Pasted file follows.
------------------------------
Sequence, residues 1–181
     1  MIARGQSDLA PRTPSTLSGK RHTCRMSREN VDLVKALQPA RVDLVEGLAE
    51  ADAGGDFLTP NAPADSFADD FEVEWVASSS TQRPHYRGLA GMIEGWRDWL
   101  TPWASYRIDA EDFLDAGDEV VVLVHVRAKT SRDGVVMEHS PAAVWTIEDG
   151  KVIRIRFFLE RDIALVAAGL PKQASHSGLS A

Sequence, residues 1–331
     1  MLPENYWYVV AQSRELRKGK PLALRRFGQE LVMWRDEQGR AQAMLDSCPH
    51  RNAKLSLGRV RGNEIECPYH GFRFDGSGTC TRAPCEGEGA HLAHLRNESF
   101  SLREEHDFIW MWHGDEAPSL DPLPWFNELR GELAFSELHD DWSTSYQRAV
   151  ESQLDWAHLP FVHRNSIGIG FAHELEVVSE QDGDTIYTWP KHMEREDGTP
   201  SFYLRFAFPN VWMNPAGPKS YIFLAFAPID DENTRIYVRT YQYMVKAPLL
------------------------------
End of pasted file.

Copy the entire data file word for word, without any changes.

Sequence, residues 1–181
     1  MIARGQSDLA PRTPSTLSGK RHTCRMSREN VDLVKALQPA RVDLVEGLAE
    51  ADAGGDFLTP NAPADSFADD FEVEWVASSS TQRPHYRGLA GMIEGWRDWL
   101  TPWASYRIDA EDFLDAGDEV VVLVHVRAKT SRDGVVMEHS PAAVWTIEDG
   151  KVIRIRFFLE RDIALVAAGL PKQASHSGLS A

Sequence, residues 1–331
     1  MLPENYWYVV AQSRELRKGK PLALRRFGQE LVMWRDEQGR AQAMLDSCPH
    51  RNAKLSLGRV RGNEIECPYH GFRFDGSGTC TRAPCEGEGA HLAHLRNESF
   101  SLREEHDFIW MWHGDEAPSL DPLPWFNELR GELAFSELHD DWSTSYQRAV
   151  ESQLDWAHLP FVHRNSIGIG FAHELEVVSE QDGDTIYTWP KHMEREDGTP
   201  SFYLRFAFPN VWMNPAGPKS YIFLAFAPID DENTRIYVRT YQYMVKAPLL